- The tourism-reliant counties of Mombasa and Narok posted the steepest fall in internal revenue collections in the six months to December.
- The latest data from the Controller of Budget shows that Narok’s internal revenues fell by Sh1.56 billion in the period under review.
The tourism-reliant counties of Mombasa and Narok posted the steepest fall in internal revenue collections in the six months to December, leading the way for 27 devolved units whose numbers dropped in the wake of the coronavirus disruptions.
The latest data from the Controller of Budget shows that Narok’s internal revenues fell by Sh1.56 billion in the period under review as the county reeled from the slump in tourist numbers to the Maasai Mara Game Reserve.
The county raised a paltry Sh334.4 million in own-source revenue in the six months to December down from Sh1.89 billion in the corresponding period a year earlier while Mombasa posted a decline of Sh403.2 million to raise Sh1.08 billion from Sh1.48 billion a year earlier.
The counties rely on beach and wildlife attractions to woo tourists who in turn contribute to a huge chunk of their Own-Source Revenue (OSR).
Mombasa and Narok led 25 other counties whose OSR took a hit from the economic disruptions occasioned by restrictions imposed to curb the spread of Covid-19.
The country imposed a dusk-to-dawn curfew, banned social gatherings and suspended international and domestic flights as well as restricted movement into and out of four counties including Nairobi and Mombasa in March after reporting the first Covid-19 case.
The shutdown and disruptions hurt taxes and levies due from streams like single business permits, rates for the market traders and cess for lorries that mainly ferry agricultural produce and construction materials like stones and sand across counties.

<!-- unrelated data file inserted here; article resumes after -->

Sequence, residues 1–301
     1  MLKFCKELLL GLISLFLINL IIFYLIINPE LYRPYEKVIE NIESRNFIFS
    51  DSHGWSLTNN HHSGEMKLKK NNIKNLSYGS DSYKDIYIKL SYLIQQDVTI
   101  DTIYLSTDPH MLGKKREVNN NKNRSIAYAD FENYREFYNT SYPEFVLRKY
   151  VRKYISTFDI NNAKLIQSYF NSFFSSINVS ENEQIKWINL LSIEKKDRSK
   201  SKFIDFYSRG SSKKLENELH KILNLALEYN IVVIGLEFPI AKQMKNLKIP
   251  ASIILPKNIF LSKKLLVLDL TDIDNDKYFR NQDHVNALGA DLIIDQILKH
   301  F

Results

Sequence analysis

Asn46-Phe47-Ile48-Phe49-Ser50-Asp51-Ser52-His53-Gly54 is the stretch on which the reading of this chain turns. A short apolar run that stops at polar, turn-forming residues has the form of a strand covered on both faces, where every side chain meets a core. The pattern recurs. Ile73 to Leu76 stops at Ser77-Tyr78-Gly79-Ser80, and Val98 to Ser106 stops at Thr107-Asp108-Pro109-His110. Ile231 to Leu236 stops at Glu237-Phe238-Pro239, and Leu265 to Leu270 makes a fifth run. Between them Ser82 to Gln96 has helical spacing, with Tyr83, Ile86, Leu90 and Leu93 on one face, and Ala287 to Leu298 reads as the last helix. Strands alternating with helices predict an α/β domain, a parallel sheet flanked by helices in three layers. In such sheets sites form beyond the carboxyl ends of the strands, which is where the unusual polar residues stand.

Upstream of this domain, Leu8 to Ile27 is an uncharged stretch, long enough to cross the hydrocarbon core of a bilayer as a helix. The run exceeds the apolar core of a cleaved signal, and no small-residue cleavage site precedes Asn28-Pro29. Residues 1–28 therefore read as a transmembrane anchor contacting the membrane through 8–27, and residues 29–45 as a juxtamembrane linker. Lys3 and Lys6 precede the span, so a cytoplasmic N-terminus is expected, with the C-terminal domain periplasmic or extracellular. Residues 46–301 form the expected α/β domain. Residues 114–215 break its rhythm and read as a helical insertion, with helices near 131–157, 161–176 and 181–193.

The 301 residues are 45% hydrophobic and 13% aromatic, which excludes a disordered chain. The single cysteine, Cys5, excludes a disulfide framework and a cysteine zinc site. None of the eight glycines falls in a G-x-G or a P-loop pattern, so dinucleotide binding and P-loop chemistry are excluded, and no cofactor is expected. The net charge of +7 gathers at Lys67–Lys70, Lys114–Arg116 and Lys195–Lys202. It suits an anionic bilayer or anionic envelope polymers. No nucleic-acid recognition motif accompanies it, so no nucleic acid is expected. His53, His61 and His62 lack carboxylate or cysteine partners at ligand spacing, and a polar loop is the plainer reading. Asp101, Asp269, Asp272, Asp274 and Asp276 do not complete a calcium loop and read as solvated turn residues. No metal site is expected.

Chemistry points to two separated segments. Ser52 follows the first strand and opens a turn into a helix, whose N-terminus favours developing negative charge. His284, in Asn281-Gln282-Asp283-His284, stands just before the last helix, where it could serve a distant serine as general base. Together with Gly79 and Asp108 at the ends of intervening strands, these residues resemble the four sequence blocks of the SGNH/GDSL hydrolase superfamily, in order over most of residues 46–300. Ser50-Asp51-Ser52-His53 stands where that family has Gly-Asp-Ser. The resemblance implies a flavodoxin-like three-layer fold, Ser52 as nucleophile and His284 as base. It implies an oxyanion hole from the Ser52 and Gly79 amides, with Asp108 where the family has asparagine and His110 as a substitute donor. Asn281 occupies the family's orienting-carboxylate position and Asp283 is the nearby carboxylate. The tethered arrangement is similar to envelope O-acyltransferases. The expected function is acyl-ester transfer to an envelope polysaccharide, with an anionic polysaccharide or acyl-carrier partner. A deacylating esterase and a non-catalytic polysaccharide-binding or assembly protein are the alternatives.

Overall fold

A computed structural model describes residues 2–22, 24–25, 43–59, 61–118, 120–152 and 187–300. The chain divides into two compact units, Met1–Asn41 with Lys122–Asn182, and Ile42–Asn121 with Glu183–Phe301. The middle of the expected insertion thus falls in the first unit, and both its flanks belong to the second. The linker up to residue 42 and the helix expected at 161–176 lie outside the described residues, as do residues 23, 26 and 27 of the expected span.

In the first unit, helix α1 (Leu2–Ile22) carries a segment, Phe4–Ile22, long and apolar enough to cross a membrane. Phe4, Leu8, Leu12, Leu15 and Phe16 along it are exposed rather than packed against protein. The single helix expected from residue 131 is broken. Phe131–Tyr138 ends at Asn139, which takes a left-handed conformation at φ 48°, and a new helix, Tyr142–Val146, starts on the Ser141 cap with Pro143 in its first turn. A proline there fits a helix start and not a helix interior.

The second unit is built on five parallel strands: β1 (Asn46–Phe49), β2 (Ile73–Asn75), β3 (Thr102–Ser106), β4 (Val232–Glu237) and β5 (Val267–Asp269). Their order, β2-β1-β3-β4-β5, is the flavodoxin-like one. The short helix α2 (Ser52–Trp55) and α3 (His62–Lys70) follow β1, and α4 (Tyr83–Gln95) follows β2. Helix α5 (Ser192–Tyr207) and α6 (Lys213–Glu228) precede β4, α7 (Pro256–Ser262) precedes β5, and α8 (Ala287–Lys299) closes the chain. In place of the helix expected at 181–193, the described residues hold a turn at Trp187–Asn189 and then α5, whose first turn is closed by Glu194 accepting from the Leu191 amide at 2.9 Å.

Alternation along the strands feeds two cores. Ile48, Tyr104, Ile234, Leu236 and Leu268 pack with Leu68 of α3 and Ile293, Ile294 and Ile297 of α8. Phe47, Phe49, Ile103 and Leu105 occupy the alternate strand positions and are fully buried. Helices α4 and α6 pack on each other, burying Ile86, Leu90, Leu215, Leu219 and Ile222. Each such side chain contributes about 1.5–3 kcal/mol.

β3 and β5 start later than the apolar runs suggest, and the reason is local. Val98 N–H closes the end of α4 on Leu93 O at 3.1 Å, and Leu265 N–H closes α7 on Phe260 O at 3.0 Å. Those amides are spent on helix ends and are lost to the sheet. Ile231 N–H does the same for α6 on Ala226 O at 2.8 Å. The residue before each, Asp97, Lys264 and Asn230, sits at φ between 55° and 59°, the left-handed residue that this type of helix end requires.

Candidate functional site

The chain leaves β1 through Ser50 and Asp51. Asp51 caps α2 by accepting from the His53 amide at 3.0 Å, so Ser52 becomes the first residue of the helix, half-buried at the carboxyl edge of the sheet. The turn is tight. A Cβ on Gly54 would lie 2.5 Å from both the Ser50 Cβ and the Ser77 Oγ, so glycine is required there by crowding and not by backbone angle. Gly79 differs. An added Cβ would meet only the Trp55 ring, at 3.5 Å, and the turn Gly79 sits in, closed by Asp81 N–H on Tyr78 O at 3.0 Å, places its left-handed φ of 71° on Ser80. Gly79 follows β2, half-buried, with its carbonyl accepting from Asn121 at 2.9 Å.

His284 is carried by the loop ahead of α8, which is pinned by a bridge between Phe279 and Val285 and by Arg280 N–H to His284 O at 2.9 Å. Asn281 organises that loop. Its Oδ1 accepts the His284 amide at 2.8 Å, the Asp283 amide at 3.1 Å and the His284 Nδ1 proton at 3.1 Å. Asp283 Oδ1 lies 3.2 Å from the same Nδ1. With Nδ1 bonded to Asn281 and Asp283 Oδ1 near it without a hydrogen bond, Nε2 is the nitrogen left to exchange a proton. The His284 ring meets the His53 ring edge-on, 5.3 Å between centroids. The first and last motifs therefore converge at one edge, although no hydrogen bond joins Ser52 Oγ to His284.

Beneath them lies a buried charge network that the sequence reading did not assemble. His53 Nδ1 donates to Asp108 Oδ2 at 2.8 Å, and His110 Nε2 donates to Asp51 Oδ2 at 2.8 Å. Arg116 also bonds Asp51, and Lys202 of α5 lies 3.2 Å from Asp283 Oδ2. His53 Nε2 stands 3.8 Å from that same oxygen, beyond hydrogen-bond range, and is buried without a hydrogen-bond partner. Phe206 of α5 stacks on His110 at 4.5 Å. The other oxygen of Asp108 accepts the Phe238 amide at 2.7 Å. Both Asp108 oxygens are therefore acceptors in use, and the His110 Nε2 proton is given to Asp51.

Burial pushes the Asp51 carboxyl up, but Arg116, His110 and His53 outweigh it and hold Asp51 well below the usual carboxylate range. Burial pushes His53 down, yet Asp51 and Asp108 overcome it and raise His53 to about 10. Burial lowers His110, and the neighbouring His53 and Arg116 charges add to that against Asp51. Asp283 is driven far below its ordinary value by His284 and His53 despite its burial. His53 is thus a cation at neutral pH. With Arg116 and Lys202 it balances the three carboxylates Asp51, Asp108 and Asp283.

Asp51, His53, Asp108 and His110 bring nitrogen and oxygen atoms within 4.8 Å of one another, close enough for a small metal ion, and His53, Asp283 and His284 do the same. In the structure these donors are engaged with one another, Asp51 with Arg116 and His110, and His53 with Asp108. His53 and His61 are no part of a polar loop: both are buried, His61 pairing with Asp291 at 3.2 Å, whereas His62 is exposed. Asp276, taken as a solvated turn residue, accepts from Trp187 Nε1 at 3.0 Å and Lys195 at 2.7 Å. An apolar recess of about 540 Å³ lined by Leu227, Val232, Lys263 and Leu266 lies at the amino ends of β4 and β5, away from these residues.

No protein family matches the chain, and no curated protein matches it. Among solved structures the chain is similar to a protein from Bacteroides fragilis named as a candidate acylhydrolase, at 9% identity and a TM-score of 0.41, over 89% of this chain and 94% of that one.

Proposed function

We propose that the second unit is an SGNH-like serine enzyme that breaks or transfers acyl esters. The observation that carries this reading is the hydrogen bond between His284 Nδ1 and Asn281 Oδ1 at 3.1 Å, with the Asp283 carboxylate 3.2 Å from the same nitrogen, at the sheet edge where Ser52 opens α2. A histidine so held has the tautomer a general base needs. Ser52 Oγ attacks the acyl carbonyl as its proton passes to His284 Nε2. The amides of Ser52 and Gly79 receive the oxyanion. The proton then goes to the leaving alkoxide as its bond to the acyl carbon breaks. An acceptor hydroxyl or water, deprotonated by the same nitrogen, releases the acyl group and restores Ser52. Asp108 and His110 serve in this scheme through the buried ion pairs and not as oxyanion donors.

Own-Source Revenue for the 47 counties in the six months to December declined by Sh1.525 billion to Sh12.72 billion from Sh14.24 billion in a similar period a year earlier due to the adverse effects of coronavirus on economic activities.
“During the reporting period, county governments generated a total of Sh12.72 billion, which was 23.4 per cent of the annual target of Sh54.41 billion. This was a decrease compared to Sh15.33 billion generated in a similar period of FY 2019/20,” says the report.
Counties raise their revenue from land rates, single business permits, market and trade licensing, parking fees, liquor licensing, entertainment levies and cess, among others.
Machakos, Kiambu, Kisumu and Samburu close the list of six devolved units whose Own-Source Revenue dipped by more than Sh100 million in the six months to December compared to a year earlier.
Kiambu’s Own-Source Revenue fell to Sh897.97 million from Sh1.06 billion in the six months to December 2019 while Samburu raised Sh26.32 million from Sh149.94 million.
Kisumu collected Sh247.56 million from Sh363.96 million while Machakos County raised Sh417.42 million from Sh526.4 million raised in the six months to December 2019.
In Mombasa, hotels and tourist attraction sites that usually record booming businesses in August and December perhaps endured the worst holidays as local and international tourists shied away despite the easing of the measures.
Thousands of foreign and local tourists who usually flock to the Maasai Mara to witness the wildebeest migration did not show up even as the State eased travel restrictions.